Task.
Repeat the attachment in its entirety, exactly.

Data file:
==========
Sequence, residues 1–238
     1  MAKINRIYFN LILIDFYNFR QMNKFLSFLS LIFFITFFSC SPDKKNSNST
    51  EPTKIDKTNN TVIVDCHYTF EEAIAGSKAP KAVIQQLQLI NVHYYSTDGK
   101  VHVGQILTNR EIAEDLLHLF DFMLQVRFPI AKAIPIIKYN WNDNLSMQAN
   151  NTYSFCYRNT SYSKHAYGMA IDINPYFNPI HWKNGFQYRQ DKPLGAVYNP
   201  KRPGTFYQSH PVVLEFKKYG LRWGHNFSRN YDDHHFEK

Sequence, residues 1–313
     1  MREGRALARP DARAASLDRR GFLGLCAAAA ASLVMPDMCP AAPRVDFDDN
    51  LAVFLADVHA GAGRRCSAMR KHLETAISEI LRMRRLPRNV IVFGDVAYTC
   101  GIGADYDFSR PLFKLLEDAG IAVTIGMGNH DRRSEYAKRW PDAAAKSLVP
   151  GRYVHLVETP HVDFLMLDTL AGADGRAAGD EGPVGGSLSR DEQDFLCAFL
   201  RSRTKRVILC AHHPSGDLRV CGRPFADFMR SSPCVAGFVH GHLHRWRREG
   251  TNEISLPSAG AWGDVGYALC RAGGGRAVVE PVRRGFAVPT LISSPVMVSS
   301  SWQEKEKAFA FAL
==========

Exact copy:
Sequence, residues 1–238
     1  MAKINRIYFN LILIDFYNFR QMNKFLSFLS LIFFITFFSC SPDKKNSNST
    51  EPTKIDKTNN TVIVDCHYTF EEAIAGSKAP KAVIQQLQLI NVHYYSTDGK
   101  VHVGQILTNR EIAEDLLHLF DFMLQVRFPI AKAIPIIKYN WNDNLSMQAN
   151  NTYSFCYRNT SYSKHAYGMA IDINPYFNPI HWKNGFQYRQ DKPLGAVYNP
   201  KRPGTFYQSH PVVLEFKKYG LRWGHNFSRN YDDHHFEK

Sequence, residues 1–313
     1  MREGRALARP DARAASLDRR GFLGLCAAAA ASLVMPDMCP AAPRVDFDDN
    51  LAVFLADVHA GAGRRCSAMR KHLETAISEI LRMRRLPRNV IVFGDVAYTC
   101  GIGADYDFSR PLFKLLEDAG IAVTIGMGNH DRRSEYAKRW PDAAAKSLVP
   151  GRYVHLVETP HVDFLMLDTL AGADGRAAGD EGPVGGSLSR DEQDFLCAFL
   201  RSRTKRVILC AHHPSGDLRV CGRPFADFMR SSPCVAGFVH GHLHRWRREG
   251  TNEISLPSAG AWGDVGYALC RAGGGRAVVE PVRRGFAVPT LISSPVMVSS
   301  SWQEKEKAFA FAL